Friday, February 25, 2005

larry leads off? yes!

re the advisability of batting larry walker leadoff: the results are in.

james click of baseball prospectus generously ran a quick computer-simulation study on the cardinal batting order at my request. the data suggest that the cards might indeed score a few more runs with larry leading off — but only if the other big bats (pujols edmonds and rolen) bat immediately behind him in the two thru four slots. that’s the lineup josh schulz proposed at birdwatch on wednesday.

the advantage derived from this unorthodox sequence is not huge — a margin of 9 runs, on average, over the default setting (ie, eckstein, walkerpujolsrolenedmonds, grud’k/sanders or sanders/grud’k, molina, pitcher). that finding is consistent with what stewie13 has pointed out in comments here and at birdwatch, and what tangotiger said in a recent post at baseball musings: lineup manipulations can only net you, at best, an extra 5 to 15 runs. but tangotiger adds that 5 to 15 extra runs equals one extra win, and teams throw millions at ballplayers whose marginal value equals one win. if you can net a win for free just by moving guys around in the order, why wouldn’t you?

before we move on to the complete results of click’s quick study, i am compelled to advise you, per the blogger’s oath and the published regulations of the fcc and dept of homeland security, that the following exercise is completely theoretical and that the predicted 9-run gain may be as ephemeral as iraq’s weapons of mass destruction. moreover, click offers a caveat of his own: “Keep in mind that this isn’t meant to map to actual runs scored, but is just for comparative purposes between the various lineups. Finally, the standard deviation is around 40-45 runs, so while lineup C certainly stands out from the rest, the confidence level is low.”

ev’yone get it? this is for entertainment purposes only.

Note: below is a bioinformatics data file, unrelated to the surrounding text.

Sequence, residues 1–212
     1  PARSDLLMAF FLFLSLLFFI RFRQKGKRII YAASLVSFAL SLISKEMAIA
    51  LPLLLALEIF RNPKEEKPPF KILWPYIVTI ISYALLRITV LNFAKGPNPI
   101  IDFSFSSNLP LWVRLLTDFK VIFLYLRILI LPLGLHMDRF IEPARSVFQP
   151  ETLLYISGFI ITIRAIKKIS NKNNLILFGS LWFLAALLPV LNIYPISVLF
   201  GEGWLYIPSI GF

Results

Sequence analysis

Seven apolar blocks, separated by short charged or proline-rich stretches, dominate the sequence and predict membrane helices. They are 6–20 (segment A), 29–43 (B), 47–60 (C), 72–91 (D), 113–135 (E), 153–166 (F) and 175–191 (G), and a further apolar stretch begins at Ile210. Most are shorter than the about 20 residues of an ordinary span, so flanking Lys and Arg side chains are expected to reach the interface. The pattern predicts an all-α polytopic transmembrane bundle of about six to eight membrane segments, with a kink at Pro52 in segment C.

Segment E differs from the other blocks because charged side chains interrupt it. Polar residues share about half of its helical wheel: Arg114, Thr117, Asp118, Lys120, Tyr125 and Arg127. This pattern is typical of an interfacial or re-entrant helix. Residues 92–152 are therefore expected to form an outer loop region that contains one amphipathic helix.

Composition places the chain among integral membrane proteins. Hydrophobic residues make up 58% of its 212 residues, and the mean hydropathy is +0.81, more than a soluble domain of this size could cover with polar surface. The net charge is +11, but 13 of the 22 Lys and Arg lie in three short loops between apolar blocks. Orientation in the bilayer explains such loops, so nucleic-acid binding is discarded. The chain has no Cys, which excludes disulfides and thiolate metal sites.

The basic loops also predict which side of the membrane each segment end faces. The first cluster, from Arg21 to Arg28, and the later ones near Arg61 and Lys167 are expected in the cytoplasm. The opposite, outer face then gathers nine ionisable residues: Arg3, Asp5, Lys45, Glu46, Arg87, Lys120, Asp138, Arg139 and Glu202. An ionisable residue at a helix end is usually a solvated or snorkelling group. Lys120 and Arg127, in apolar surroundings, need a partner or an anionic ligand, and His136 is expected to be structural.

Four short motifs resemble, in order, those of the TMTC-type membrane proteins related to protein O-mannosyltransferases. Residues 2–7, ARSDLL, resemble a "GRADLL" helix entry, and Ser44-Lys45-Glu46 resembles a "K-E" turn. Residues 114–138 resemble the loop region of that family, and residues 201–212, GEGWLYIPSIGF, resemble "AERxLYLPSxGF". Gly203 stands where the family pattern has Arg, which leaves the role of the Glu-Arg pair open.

i asked click to run comparisons on five diff’nt batting orders. he ran each one for a thousand seasons, then sent me the low, mean, and high run totals (per 162 games) for each order. in reverse order of potency, with mean averages, the lineups were:

LINEUP D: 964 runs
1 eck’n / 2 grud’k / 3 pujols / 4 edmonds / 5 rolen / 6 walker / 7 sanders / 8 molina / 9 pitcher (low 826, high 1133)

LINEUP A: 970 runs
1 eck’n / 2 walker / 3 pujols / 4 edmonds / 5 rolen / 6 grud’k / 7 sanders / 8 molina / 9 pitcher (low 830, high 1120)

LINEUP B: 970 runs
1 walker / 2 eck’n / 3 pujols / 4 edmonds / 5 rolen / 6 grud’k / 7 sanders / 8 molina / 9 pitcher (low 827, high 1117)

LINEUP E: 975 runs
1 walker / 2 pujols / 3 edmonds / 4 rolen / 5 sanders / 6 molina / 7 pitcher / 8 grud’k / 9 eck’n (low 847, high 1101)

LINEUP C: 979 runs
1 walker / 2 pujols / 3 edmonds / 4 rolen / 5 grud’k / 6 sanders / 7 molina / 8 pitcher / 9 eck’n (low 840, high 1143)

i note, first of all, that the question that launched this inquiry — would the cards score more by flip-flopping walker with eckstein in the top two slots in the order? — is completely moot according to click’s study: both variations averaged 970 runs (lineups A and B). i note further that the “best” lineup, C, is in fact merely a renumbered carbon-copy of the “default” lineup, A. think daylight savings time — we follow the same cycle but arbitrarily displace the starting point by one unit. the “day” isn’t any longer, but by “springing forward” from david to larry we allocate the sunshine more advantageously . . . . . which in this case means (i think) that we allocate about 60 - 80 of eckstein’s at bats to walker pujols edmonds and/or rolen.

does that not sound like a complete no-brainer thing to do? even if it didn’t net you a single run, wouldn’t any baseball fan at a given ballgame rather see one of those four guys get an extra at-bat in the 9th inning, as opposed to eckstein?

add’l thoughts: pujols does not fit the ideal profile of a #2 hitter, as defined by tangotiger’s studies; he hits too many hrs and doesn’t draw enough walks. jimmy edmonds more closely matches the thumbnail, as does walker himself. but if you line walker and edmonds up 1-2, it leaves the cards vulnerable to lefty starters and left-left relief specialists (this pair of batters alone could keep jesse orosco and john franco on mlb payrolls until their iras mature.) might it be permissible to sneak, ahem, eck’n or grud’k into the leadoff hole vs a starting lhp? . . . . here is where we begin to run into the limitations of our study, which click himself would be the first to concede. the simulation program omits dozens of variables that might change the “optimal” lineup on a given day — platoon data, batter v pitcher data, ballpark considerations, left/right alternation, etc etc. it also does not account for pinch hitters, the double-switch (a la russa perennial), or even such quaint phenomena as “hot streaks” and “slumps” — which used to be very legitimate lineup-selection criteria back before the sabrevolution.

in any case, whatever lineup la russa employs today, we know he’s going to use a diff’nt one tomorrow, and yet another one the day after; that’s just tony. do i think he should use lineup C above as often as possible? hell yes. but if he does it even once, the cards damn well better win that day — ‘coz if they lose he’ll never hear the end of it.

and we’ll never see that lineup again.